Shortly after 8 p.m. on Nov. 7, 2009, a spotted cat strolled past a motion-sensitive camera that an amateur naturalist named Michael Quigley had tied to a tree in a desert mountain range. The resulting photo is reportedly the first taken showing a live wild ocelot in Arizona. It's also the first verified sighting in the state since 1964, when one of the shy, nocturnal cats -- long-tailed and medium-sized with distinctive markings splashed over tawny fur -- was legally shot in the Huachuca Mountains.
"We were very excited," recalls Sergio Avila, a wildlife biologist for Sky Island Alliance, the Tucson-based conservation group that supervised placement of the camera by Quigley, its wilderness campaign coordinator, roughly 40 miles north of the U.S.-Mexico border and west of the New Mexico line.
Five months after the photo was taken, a vehicle killed a second ocelot on Highway 60 between Globe and Superior, more than 100 miles northwest of where the first animal was seen. Preliminary examination by the Arizona Game and Fish Department indicates that this ocelot, a male, was not of captive origin.
Now, scientists, environmentalists and wildlife agencies are weighing the implications of this exotic species' return to the Southwest. The ocelot was listed as endangered in the U.S. in 1982 -- and as an endangered foreign species back in 1972 -- and it has similar designations in countries throughout much of its shrinking Western Hemisphere range. The angry response of Southwestern ranchers and politicians to recent government efforts on behalf of endangered jaguars and Mexican wolves has forced officials to proceed cautiously. A draft update of a federal recovery plan for ocelots has received almost no publicity, and -- given the mood of the electorate and the state of the economy -- may find itself with little or no money.
"There are no funds allocated in advance" for recovery actions, nor is there any way to predict what they might receive, says Brady McGee, the U.S. Fish and Wildlife Service biologist overseeing the ocelot plan. The draft, released in August, calls for an evaluation of suitable ocelot habitat in Arizona and southeastern Texas, and suggests that the U.S. work closely with Mexico to protect movement corridors as well as the animal's preferred territory across the border. It requests more research on the cat's needs and possible threats to its survival, including disease, drought and wildfire. It would also provide incentives for ocelot protection on private land so officials can work with ranchers who might otherwise quietly kill the animals to avoid potentially expensive development restrictions. Depending on how aggressive an approach the feds decide to take, implementation is projected to cost between $345,500 and $5 million annually.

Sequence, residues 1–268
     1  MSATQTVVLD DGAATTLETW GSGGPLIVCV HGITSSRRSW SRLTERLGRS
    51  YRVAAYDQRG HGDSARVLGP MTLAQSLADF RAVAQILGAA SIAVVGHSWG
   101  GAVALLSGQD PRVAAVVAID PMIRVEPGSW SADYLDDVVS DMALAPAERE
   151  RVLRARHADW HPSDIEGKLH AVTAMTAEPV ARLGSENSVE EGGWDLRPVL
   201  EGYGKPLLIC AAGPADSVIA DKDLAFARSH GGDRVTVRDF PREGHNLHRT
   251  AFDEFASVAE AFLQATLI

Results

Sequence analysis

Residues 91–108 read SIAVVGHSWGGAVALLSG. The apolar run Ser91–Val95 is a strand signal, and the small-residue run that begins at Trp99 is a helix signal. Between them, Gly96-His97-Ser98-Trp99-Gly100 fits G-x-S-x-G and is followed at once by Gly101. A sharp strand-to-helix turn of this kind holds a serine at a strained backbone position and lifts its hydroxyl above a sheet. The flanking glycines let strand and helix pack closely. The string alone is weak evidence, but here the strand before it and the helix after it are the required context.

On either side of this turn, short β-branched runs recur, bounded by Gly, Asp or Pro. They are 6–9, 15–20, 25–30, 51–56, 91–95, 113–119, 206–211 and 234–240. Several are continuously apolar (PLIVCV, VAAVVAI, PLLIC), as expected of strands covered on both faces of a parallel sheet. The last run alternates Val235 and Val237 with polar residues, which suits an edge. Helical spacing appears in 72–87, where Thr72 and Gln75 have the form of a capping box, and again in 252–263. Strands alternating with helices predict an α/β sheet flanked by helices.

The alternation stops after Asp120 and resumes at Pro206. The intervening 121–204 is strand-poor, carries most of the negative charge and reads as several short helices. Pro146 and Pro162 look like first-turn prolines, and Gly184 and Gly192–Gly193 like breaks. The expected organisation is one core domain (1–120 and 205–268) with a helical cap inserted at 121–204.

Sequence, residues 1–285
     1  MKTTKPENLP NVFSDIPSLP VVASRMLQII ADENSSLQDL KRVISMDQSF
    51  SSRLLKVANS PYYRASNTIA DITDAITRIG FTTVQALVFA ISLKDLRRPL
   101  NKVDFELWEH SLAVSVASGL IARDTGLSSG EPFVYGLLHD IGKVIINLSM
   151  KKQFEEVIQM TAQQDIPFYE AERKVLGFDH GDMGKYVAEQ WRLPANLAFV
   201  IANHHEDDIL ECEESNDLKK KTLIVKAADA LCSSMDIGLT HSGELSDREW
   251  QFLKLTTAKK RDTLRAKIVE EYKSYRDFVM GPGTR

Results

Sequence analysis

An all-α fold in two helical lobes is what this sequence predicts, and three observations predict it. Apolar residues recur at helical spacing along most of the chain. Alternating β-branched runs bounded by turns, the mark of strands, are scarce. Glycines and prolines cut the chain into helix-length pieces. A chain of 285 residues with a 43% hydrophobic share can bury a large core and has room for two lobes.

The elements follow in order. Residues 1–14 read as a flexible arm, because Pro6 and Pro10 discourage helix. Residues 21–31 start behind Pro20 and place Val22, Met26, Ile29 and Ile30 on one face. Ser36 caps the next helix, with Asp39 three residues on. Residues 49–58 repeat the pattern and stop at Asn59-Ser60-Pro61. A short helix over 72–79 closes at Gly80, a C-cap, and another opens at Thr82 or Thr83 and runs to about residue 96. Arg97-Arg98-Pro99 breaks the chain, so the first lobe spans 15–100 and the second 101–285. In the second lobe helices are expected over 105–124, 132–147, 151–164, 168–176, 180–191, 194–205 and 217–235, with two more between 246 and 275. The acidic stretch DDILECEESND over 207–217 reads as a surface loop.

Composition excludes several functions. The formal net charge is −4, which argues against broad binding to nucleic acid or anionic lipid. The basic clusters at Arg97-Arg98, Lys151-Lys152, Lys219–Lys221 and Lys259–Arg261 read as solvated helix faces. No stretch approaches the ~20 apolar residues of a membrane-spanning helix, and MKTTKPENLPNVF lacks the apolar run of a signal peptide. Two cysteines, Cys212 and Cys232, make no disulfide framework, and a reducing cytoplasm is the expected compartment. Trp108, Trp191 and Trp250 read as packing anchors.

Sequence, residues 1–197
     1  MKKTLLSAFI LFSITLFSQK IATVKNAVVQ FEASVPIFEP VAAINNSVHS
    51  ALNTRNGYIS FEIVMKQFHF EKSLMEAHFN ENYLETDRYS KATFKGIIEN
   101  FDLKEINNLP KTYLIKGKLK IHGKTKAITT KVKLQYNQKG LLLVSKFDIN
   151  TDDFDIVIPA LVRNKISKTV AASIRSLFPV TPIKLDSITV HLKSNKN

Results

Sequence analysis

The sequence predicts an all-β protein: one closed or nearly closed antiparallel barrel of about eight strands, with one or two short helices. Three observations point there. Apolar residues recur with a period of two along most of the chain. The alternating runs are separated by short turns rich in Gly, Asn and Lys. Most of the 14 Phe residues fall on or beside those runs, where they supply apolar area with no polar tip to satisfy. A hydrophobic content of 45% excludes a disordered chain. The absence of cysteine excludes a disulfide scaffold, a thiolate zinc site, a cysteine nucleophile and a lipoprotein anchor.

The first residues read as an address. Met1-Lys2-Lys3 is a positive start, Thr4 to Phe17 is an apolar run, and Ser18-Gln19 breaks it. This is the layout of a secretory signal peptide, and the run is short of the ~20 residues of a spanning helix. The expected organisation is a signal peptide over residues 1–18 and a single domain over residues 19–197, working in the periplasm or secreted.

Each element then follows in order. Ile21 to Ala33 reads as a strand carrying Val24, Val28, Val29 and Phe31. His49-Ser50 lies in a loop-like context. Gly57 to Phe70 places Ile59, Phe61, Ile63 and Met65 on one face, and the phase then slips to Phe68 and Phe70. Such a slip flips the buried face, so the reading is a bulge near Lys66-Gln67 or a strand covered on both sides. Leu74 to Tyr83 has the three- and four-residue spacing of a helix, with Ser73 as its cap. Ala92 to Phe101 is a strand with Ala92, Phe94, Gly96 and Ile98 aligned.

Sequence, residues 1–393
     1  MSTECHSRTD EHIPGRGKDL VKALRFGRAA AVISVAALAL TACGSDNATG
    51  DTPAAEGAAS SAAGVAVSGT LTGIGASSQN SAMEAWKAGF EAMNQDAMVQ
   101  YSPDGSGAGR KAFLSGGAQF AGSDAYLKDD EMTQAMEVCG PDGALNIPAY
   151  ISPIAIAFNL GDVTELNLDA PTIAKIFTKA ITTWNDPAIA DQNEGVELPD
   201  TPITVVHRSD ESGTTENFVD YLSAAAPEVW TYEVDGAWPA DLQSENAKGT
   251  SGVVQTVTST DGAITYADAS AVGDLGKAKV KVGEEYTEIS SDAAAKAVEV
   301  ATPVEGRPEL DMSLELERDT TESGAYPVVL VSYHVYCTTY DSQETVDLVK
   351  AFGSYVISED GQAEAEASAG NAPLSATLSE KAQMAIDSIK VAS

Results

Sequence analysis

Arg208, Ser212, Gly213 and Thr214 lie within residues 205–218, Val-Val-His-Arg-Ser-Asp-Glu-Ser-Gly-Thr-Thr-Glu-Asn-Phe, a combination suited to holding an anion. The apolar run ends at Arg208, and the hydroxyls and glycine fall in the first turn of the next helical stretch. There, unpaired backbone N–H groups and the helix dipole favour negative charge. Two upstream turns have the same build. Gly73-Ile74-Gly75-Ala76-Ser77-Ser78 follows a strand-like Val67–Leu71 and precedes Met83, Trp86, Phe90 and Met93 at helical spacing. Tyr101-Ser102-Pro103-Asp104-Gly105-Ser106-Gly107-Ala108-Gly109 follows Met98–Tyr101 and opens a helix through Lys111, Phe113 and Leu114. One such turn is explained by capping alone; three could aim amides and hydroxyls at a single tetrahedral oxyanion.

Leopardus pardalis generally lives in tropical and subtropical regions from Mexico to Argentina, preferring swamps, jungles and thickets where it hunts birds and other small creatures. Fewer than 50 ocelots survive in southern Texas, near the mouth of the Rio Grande. To date, virtually all U.S. research and recovery efforts have focused in that state, where the cat once ranged nearly as far west as El Paso and north to Amarillo.
The Arizona ocelots are believed to be males dispersing north from the Mexican state of Sonora, where a breeding population of an estimated 1,000 cats persists in the northeastern backcountry. Sky Island Alliance has photographed at least four ocelots 30 to 40 miles south of the border since 2007. About 100 miles farther south, the Sierra Madre ranches monitored by the Northern Jaguar Project yield even more frequent sightings. But "there is scant evidence that Arizona or New Mexico supported a breeding ocelot population in the last 200 years," says Paul Beier, a Northern Arizona University wildlife ecologist who contributed to the new recovery proposal. The states may never have had good ocelot habitat, says McGee, and today, it's even more limited.